Senate Democrats are trying a novel strategy to break Senator Tommy Tuberville’s blockade of senior military promotions, as pressure builds among his fellow Republicans and Defense Department officials to end his monthslong hold in protest of the Pentagon’s abortion access policies.
Senator Chuck Schumer, Democrat of New York and the majority leader, said on Wednesday that he would seek to change the chamber’s rules to allow confirmation of almost all military nominees as a bloc. A vote could take place as soon as next week.
That would restore what had been routine practice in the Senate before Mr. Tuberville, an Alabama Republican, in February held up a package of officer promotions over a Pentagon policy offering time off and travel reimbursement to service members seeking abortions or fertility care.
While it is not clear that Mr. Schumer will have the support for his maneuver, he announced he would attempt it amid mounting frustration among Republicans and at the Defense Department about Mr. Tuberville’s nine-month blockade.
Anger inside the Pentagon about the hold has only intensified this week after Gen. Eric M. Smith, the newly confirmed Marine Corps commander, had an apparent heart attack. Some legislators and military officials have suggested General Smith’s collapse was because of his added workload as Mr. Tuberville’s tactics have blocked the confirmation of his deputy.
“What happened with the Marine commandant just showed many people how dangerous what Tuberville is doing is,” Mr. Schumer said.
(Mr. Tuberville said this week that he would not object to confirming Lt. Gen. Christopher J. Mahoney as the next assistant commandant of the Marine Corps, given Mr. Smith’s illness. The Senate was expected to vote on Mr. Mahoney’s nomination later Thursday.)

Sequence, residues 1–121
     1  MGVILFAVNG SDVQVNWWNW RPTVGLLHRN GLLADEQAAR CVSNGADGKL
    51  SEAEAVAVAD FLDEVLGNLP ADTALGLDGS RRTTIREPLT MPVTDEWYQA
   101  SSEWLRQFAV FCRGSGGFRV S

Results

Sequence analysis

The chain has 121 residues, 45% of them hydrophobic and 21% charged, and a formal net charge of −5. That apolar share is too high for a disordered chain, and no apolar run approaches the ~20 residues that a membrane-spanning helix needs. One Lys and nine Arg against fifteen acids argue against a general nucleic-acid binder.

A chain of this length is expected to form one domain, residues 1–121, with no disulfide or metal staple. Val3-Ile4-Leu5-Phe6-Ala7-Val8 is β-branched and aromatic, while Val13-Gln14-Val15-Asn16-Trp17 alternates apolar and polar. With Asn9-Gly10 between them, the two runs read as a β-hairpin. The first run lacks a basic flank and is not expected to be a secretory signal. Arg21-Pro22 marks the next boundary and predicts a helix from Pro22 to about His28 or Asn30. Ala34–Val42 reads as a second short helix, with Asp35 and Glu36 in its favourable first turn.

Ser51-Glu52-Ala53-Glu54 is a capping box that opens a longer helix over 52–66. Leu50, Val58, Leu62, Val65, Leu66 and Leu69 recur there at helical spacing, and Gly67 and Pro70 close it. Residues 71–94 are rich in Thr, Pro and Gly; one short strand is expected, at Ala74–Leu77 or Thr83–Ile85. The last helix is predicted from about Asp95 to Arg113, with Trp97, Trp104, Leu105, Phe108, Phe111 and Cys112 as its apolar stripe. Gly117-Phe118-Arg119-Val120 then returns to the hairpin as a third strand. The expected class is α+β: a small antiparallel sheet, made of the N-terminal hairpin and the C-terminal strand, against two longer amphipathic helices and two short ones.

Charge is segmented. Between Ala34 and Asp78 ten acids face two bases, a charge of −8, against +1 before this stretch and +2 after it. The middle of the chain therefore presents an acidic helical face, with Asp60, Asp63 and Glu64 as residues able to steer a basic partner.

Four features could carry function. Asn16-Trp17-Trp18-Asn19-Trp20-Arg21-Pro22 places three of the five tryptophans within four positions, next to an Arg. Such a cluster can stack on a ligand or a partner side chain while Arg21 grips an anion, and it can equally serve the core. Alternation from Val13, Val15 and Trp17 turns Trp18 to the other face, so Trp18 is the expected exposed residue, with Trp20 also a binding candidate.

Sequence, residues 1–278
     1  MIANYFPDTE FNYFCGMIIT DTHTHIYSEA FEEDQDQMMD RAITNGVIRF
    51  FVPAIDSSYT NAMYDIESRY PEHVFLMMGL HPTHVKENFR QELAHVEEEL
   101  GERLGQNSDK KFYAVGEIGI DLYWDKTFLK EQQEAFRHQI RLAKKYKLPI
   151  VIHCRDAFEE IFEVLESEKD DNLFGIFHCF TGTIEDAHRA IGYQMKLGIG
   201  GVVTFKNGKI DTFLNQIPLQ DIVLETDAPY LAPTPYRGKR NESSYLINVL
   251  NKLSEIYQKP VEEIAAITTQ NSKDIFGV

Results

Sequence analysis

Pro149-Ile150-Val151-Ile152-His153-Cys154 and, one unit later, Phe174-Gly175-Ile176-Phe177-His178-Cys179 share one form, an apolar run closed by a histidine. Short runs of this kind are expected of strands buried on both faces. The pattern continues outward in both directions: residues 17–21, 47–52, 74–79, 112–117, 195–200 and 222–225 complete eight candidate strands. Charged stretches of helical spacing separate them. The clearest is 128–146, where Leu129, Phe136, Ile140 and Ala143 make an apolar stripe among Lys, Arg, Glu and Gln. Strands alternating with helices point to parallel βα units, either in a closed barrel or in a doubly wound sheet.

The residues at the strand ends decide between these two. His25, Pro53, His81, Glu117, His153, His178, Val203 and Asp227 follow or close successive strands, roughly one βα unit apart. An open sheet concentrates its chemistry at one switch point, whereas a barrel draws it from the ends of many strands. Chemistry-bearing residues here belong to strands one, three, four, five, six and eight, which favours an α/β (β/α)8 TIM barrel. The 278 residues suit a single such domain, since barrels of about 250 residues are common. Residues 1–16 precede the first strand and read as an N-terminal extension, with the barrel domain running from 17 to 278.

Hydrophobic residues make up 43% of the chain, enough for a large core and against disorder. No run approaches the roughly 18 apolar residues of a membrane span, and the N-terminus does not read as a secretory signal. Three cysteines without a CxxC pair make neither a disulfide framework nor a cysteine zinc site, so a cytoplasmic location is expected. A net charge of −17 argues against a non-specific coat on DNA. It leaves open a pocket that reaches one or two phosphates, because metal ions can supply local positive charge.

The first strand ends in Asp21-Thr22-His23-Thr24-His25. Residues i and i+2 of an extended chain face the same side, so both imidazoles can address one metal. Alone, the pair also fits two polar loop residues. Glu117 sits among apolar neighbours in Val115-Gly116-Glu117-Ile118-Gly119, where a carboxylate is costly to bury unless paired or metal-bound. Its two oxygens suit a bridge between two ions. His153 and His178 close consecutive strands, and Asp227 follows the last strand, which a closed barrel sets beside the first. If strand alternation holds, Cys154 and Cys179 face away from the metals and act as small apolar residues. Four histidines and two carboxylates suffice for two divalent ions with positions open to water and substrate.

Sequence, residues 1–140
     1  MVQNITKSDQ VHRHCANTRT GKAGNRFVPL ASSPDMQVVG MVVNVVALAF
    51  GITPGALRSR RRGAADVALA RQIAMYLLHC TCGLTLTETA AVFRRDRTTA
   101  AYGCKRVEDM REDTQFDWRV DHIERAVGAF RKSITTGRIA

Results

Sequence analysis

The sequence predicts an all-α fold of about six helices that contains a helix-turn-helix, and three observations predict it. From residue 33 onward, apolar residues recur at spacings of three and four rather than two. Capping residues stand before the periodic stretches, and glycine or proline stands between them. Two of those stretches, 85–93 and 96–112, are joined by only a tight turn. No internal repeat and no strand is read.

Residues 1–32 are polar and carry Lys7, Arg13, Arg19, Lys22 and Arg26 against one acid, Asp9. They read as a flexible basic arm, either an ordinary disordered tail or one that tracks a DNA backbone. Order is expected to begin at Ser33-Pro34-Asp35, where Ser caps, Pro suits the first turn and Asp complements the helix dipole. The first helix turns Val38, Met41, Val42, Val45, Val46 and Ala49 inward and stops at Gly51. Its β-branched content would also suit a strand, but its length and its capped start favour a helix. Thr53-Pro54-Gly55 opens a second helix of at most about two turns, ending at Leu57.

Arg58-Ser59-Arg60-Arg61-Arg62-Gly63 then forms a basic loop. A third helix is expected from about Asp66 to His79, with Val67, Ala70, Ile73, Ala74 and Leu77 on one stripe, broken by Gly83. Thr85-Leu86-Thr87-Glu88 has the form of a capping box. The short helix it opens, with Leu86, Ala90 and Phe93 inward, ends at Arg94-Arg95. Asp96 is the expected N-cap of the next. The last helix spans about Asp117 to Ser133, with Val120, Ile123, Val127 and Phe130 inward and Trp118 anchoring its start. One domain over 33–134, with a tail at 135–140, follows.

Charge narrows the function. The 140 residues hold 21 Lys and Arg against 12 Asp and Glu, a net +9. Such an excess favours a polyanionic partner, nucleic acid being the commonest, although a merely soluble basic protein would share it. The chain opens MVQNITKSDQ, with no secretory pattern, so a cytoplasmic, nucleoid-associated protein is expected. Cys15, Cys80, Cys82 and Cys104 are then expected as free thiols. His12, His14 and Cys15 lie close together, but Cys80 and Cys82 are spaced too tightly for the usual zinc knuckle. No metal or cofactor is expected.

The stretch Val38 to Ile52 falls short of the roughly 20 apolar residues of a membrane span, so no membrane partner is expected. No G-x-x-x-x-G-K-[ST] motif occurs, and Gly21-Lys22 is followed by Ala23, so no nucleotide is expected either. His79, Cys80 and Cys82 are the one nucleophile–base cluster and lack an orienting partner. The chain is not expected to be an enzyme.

In a clear sign that pressure is building, a handful of Republicans took to the Senate floor on Wednesday night to excoriate Mr. Tuberville for his tactics, which have held up more than 350 senior military positions. They attempted to call up scores of pending promotions for military officers one by one, insisting he quit blocking them — which he repeatedly refused to do.
“No matter whether you believe it or not, Senator Tuberville, this is doing great damage to our military,” said Senator Lindsey Graham, Republican of South Carolina, in one such floor speech on Wednesday night. “If this gets to be normal, God help the military, because every one of us could find some reason to object to policy.”
The policy Mr. Tuberville is targeting, announced in February, allows service members to take leave and be reimbursed for transportation expenses if they must travel to obtain an abortion or certain fertility treatments because such procedures are not available where they are based. It came in the wake of the Supreme Court’s decision last year overturning Roe v. Wade, which prompted many states to move to ban or severely restrict the procedure.
The spectacle on the floor marked the breakdown of months of behind-the-scenes negotiations in which Republicans publicly defending Mr. Tuberville’s actions and blaming Democrats and the Pentagon for failing to accommodate him have privately pleaded with the Alabama senator to relent.
Mr. Tuberville’s refusal to do so could prod some GOP senators to join with Democrats to override their protest.